Protective coatings should be permeable to water vapor, but impermeable to water. Though these properties look contradictory they must exist complimentarily. Most coatings do possess waterproofing characteristics but are not breathable. This is the balancing point separating protective coatings from normal paints. In addition to water, it prevents ingress of corrosion-causing gases into the concrete. Overall breathability and impermeability combined should form a protective coating not very unlike human skin. Good protective coatings provide a sound physical and chemical protection barrier to prevent corrosion in concrete, ensuring durability. These properties can be verified by adequate testing to ensure the quality of coatings.

Crack Bridging

This is an important property as the coating should be able to negotiate expansions and contractions in the structure due to temperature or dynamic loads. It should also effectively seal and bridge over cracks, to ensure no water or gases enter concrete through them. Even after extensive weathering, protective coatings should provide excellent crack bridging capacities in a variety of static or dynamic loading conditions, in varying exposure conditions and even on weathered concrete surfaces.

Ultraviolet (UV) rays resistance

For exterior application, it is mandatory that the coatings should be UV stable. The effect of sunlight can cause certain polymers to become brittle and lose their physical and chemical properties. Exposure to the sun can also lead to fading of pigments and differential coloring marring the beauty of the structures. Correctly designed protective coatings remain flexible even after exposure to sunlight without degrading.

Specifying the Protective Coating

Rather than specifying coatings by generic names and film thickness, it is preferable to specify them by performance requirements. Some performance properties that can be normally specified are:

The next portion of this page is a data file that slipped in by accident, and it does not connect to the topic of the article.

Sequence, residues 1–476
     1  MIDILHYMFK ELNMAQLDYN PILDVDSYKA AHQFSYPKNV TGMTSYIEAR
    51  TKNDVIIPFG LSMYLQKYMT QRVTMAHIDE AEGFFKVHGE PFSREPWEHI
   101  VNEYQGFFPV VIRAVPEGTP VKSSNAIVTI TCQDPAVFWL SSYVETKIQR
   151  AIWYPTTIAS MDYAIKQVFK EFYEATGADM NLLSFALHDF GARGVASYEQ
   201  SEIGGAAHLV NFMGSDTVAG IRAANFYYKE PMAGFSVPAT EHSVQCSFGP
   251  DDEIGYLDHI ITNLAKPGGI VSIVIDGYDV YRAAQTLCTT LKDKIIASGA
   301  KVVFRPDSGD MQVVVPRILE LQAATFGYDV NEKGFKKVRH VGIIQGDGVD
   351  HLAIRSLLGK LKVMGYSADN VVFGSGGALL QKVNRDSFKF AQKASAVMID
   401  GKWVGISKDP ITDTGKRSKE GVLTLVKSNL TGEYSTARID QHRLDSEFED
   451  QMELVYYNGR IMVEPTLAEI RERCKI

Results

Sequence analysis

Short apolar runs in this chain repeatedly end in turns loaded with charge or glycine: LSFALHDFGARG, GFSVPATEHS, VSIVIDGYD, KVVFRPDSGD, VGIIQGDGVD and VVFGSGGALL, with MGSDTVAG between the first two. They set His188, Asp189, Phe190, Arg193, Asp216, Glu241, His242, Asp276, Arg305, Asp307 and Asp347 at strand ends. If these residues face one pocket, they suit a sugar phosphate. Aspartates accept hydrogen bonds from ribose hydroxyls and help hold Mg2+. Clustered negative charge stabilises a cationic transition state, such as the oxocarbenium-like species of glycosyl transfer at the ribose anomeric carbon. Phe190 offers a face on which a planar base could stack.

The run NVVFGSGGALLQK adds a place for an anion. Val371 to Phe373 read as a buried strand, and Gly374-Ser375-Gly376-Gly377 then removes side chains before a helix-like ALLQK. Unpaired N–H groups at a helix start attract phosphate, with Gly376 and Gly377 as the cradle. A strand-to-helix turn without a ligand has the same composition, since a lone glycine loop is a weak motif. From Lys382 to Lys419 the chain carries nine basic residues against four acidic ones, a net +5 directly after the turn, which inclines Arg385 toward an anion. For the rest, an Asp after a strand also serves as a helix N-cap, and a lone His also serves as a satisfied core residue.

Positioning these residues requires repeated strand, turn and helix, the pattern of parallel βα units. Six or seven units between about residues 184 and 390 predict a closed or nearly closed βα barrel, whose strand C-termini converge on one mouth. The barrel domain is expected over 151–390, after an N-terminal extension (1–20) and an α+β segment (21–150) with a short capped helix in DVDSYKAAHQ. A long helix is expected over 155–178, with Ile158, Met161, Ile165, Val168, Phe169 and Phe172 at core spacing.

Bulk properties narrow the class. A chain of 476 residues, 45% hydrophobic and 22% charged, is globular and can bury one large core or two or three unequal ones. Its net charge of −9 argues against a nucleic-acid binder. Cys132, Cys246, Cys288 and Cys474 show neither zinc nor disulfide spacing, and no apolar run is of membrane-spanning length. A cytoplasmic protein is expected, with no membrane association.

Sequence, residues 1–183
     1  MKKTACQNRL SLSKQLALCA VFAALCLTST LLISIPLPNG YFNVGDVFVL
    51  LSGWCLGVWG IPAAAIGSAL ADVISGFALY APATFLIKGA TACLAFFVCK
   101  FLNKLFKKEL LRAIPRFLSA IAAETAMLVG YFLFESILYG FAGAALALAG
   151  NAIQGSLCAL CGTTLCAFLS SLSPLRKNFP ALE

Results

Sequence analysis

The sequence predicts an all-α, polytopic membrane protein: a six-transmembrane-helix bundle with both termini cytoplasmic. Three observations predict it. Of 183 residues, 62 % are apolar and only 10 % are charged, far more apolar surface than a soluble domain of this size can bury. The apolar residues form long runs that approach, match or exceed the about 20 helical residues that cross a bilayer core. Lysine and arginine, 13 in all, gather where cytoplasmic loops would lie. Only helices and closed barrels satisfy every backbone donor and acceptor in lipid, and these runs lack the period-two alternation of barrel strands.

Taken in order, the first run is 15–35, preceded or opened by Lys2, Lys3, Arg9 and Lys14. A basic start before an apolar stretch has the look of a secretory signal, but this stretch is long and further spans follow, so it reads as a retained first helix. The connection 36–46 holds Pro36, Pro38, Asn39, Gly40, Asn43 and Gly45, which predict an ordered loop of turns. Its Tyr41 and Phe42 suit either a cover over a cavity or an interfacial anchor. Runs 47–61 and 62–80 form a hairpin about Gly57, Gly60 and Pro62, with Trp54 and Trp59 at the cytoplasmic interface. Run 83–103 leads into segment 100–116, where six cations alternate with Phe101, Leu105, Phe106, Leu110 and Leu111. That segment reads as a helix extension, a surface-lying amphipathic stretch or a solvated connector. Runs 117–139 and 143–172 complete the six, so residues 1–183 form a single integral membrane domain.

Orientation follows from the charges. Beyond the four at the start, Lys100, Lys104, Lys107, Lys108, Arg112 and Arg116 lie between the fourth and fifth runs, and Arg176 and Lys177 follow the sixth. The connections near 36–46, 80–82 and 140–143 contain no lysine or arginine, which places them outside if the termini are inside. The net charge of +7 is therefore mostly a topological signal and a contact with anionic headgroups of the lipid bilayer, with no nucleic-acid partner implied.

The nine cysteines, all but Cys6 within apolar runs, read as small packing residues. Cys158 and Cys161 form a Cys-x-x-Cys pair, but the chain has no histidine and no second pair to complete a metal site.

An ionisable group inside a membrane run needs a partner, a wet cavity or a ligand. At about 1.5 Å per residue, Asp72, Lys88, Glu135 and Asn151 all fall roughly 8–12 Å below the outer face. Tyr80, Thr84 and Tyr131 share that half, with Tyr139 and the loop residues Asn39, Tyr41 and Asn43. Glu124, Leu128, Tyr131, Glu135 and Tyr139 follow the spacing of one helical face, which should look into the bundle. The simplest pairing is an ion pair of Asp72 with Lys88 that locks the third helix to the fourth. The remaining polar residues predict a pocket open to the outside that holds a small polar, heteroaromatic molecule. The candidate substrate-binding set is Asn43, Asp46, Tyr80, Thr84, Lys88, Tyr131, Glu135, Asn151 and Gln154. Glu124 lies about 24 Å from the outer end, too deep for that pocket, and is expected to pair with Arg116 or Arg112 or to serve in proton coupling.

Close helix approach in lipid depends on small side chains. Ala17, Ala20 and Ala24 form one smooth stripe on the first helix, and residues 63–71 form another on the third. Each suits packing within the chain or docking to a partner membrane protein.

1. Diffusion resistance of CO2
2. Diffusion resistance against H2O vapour, when designated as breathable coatings.
3. Resistance against water penetration
4. Resistance to chlorides (ponding), 5. UV Resistance
6. Crack Bridging ability under weathered conditions

Overall these protective coatings are very important to maintain the longevity of tall buildings and structures such as buildings, water tanks, chimneys, etc. They protect the concrete by providing equivalent cover. In practice use of these coatings have shown a lifespan in excess of 15 years. So for exterior areas, parking garage walls, etc. these coatings can really help improve the lifespan of the structure as a whole and reduce maintenance routines. These should be incorporated into modern tall structure construction.


The review paper above delves into the working mechanisms and applications of the latest construction chemical technologies in an improvement of concrete for tall structures. In addition, the industry offers a variety of solutions including, but not limited to:

– Mould Release Agents for improved surface finish
– Concrete Cosmetics to mend broken edges, minor blemishes, blowholes, etc.
– Non-shrink grouts and micro-concretes to join precast elements on site
– Impregnations and clear coatings to impart hydrophobicity and carbonation resistance to precast elements to improve durability

Of course, improved mix design techniques and placing techniques too play a very important role in the production of high quality, durable, concrete elements. Construction chemicals do however, significantly broaden the range of possibilities of tall building construction to achieve different aims such as chemical resistance, improved durability, surface finish, faster cycle times in casting and adding robustness to the concrete in terms of production. Having more durable elements for tall buildings, would also mean lower life-cycle costs, reduced energy costs, reduced maintenance and of course benefits for the contractor as well. Correct usage of construction chemicals would be vital in all areas of tall building construction to enhance benefits. Therefore, it is imperative that Construction Chemicals be a vital component of tall structures to promote sustainable construction.


Sunny Surlaker   Head Admixtures Division MC-Bauchemie (India) Pvt. Ltd.
Sunny Surlaker
Head Admixtures Division
MC-Bauchemie (India) Pvt. Ltd.